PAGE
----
CAPE ELIZABETH — In an effort to address mental health in a more comprehensive manner, Cape Elizabeth Middle School is broadening the scope of social work.
Fiscal year 2019’s budget as passed includes approximately $73,000 in funding for a second social worker at CEMS. Finance Director Catherine Messmer said the position could cost up to $87,000, depending on what experience the new hire has and what benefits they receive, but the cost will be “budget-neutral” because it will be supported by a Federal IDEA Local Entitlement Grant.
Principal Troy Eastman presented a description of the proposed position during a June 12 School Board meeting.
Eastman suggested the job title be changed from “social worker” to “student services coordinator.” However, members of the board had concerns that the switch might cause confusion because funding was expressly approved for a social worker.
“My concern is what we might be missing out on when we hire this role with this new job description in place of the social worker,” board member Hope Straw said.
Another board member, Elizabeth Scifres, suggested they keep the job title, but direct school staff to re-evaluate the position’s description to meet the school’s needs, to which the board and Eastman agreed.
Up until this point, the middle school has only had one social worker who, Eastman said, is “out straight” dedicating the “lion’s share” of their time to Individualized Education Programs for special education students.
“This excludes (the majority) of our entire student body,” Eastman said. ” … What we need is someone to really address the needs of the larger population.”
Eastman suggested “attendance monitor” be included in the position’s amended responsibilities.
“Some kids just don’t come to school,” Eastman said, noting that administration does not closely monitor repetitive absences. “There are plenty of ways to be a failing school and one is to have your attendance rate fall below 95 percent. We’re at 95.5 percent.”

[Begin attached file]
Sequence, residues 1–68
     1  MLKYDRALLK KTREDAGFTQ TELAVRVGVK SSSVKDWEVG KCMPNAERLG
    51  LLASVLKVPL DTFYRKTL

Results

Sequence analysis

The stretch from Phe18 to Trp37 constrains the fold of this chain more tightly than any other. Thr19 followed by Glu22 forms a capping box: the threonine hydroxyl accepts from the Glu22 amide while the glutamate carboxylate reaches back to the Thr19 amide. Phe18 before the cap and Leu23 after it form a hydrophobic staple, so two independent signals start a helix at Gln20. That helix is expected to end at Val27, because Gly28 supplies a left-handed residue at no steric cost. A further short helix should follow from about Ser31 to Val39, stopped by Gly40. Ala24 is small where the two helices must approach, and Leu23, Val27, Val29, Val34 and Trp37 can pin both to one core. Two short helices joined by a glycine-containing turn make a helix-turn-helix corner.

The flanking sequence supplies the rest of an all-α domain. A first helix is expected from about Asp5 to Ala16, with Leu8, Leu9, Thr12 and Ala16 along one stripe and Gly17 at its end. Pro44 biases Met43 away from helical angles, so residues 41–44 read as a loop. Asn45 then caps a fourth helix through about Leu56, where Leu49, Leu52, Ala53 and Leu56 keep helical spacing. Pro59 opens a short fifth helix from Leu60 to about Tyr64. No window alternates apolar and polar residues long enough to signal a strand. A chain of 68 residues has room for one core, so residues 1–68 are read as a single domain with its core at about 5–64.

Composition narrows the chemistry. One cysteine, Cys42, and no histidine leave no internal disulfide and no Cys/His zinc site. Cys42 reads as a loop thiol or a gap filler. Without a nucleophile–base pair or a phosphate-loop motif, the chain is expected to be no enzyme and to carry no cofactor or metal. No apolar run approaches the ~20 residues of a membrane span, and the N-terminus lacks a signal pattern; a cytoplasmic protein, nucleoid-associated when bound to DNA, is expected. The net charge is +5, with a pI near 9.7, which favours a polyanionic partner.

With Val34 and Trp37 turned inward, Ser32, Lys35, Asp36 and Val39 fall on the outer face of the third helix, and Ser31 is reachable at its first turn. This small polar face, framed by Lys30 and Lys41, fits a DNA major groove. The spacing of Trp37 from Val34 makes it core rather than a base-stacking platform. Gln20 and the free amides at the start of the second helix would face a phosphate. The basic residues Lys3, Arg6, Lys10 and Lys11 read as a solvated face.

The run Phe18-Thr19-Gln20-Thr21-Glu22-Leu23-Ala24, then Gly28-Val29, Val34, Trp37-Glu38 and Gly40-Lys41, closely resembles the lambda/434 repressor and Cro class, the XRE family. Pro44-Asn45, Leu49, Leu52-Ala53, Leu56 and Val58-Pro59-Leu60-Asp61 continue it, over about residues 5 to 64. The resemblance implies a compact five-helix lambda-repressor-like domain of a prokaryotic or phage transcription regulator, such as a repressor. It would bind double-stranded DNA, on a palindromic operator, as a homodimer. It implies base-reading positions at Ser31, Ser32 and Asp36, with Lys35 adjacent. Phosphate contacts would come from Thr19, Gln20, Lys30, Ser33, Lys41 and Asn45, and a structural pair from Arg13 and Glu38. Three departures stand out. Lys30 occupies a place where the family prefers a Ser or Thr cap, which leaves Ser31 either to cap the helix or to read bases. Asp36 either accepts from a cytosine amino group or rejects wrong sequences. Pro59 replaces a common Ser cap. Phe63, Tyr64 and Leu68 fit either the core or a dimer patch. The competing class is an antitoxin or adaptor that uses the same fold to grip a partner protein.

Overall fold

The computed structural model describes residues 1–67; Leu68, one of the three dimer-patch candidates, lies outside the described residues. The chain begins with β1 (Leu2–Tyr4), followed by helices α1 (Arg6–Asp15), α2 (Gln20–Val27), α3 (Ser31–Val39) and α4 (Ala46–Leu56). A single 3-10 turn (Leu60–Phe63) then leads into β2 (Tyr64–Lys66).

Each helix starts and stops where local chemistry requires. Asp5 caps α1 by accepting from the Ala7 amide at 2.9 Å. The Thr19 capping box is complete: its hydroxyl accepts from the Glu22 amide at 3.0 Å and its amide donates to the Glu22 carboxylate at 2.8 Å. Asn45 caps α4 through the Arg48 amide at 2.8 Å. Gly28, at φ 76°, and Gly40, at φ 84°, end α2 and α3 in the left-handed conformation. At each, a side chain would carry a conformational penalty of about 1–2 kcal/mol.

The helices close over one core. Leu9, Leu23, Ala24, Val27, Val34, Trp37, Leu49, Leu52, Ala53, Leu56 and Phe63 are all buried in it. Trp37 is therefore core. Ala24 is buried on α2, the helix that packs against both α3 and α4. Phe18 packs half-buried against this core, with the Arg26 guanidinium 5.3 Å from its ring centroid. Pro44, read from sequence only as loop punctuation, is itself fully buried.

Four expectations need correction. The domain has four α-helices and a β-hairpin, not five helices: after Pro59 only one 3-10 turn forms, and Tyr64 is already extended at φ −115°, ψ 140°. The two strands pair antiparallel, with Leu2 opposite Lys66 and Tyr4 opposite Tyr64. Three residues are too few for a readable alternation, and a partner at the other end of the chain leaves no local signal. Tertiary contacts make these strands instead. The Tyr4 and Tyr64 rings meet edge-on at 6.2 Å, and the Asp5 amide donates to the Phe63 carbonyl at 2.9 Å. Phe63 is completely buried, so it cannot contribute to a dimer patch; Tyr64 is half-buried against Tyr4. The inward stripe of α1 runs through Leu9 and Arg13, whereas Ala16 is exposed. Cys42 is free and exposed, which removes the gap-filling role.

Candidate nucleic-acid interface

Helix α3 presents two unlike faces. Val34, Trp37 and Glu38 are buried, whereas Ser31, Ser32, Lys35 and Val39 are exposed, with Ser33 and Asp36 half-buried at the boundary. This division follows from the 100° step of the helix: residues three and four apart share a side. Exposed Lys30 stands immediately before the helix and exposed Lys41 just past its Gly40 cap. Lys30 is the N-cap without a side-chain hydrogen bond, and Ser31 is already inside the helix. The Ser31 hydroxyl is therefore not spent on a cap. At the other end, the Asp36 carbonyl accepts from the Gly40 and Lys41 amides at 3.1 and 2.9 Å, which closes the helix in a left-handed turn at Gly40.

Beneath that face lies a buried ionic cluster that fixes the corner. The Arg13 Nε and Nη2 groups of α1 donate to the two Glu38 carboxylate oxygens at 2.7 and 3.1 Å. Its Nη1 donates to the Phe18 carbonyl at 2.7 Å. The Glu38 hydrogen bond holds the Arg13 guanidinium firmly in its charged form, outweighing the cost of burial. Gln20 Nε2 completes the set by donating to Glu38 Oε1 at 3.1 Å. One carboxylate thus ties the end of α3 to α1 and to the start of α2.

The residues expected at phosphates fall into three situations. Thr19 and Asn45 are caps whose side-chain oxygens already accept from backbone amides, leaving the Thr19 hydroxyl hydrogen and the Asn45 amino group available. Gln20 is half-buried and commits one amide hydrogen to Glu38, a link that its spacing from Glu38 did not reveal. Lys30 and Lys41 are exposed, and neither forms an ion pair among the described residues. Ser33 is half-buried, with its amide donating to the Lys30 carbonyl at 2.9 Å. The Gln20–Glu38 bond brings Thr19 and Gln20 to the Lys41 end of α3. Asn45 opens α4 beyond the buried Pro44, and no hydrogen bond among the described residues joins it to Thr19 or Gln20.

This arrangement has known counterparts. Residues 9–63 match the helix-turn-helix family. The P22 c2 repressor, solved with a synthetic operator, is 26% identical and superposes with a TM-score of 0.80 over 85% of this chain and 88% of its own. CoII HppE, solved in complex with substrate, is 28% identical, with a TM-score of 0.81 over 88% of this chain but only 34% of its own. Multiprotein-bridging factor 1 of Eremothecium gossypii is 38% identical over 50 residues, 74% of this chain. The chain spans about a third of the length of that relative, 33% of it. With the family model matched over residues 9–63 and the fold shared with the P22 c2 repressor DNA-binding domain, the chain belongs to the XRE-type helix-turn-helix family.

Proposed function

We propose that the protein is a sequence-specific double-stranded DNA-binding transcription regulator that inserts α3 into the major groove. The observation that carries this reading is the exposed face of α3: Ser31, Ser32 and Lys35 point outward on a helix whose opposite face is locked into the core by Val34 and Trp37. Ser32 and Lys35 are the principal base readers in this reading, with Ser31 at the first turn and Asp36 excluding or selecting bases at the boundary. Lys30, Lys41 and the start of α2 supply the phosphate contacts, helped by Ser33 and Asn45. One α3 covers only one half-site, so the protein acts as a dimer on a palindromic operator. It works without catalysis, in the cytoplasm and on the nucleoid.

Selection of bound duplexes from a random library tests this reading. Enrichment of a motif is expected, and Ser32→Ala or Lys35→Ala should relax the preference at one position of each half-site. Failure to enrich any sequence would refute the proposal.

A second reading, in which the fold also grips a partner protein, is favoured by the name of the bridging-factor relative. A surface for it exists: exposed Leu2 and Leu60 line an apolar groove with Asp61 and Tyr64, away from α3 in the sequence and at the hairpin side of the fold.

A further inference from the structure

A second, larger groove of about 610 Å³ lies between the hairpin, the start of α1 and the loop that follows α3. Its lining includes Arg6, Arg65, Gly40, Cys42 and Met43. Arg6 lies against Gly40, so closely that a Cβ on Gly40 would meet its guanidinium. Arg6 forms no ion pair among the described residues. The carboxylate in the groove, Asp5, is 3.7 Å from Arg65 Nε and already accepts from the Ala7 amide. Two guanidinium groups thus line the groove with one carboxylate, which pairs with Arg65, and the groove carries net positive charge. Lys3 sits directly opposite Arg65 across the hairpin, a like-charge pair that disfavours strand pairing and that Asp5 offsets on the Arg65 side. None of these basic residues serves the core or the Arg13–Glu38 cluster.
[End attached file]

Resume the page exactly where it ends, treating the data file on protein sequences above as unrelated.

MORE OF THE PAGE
Other responsibilities would include case management, professional development for staff, student/parent advocate, student mediator, and a distributor of resources.
“(This) is working toward a position that has that training and skills, but provides a broader range of services to a larger school population and not to continue the limiting, but important role played by social workers working with children with an IEP,” Eastman said.
Interim Superintendent Howard Colter said the new social worker’s position may “differ somewhat from that of the other social worker at the middle school.”
“This arrangement will be in step with how it works at Cape Elizabeth High School, where one social worker is mostly assigned to meet with students based on what is written into their IEPs, and the second social worker works primarily with the general student body,” Colter said.
Eastman also suggested the description include licensed social workers as well as licensed clinical social workers.
“An LCSW can provide clinical counseling, so it’s a higher level, but I’m not sure all those things are that important for everything that we need,” he said.
Board Chairwoman Susana Measelle Hubbs thanked Eastman for his attention to the role.
“I believe you’ve tapped into something that is long overdue and needs care,” she said.
Colter said on June 20 that he anticipates the job being posted soon, with the hopes of beginning candidate interviews in July.
“(The hope is to) cast a broad net to try to find a right person,” Eastman said. “I think it’s (important) to get the right job and support for the kids and teachers.”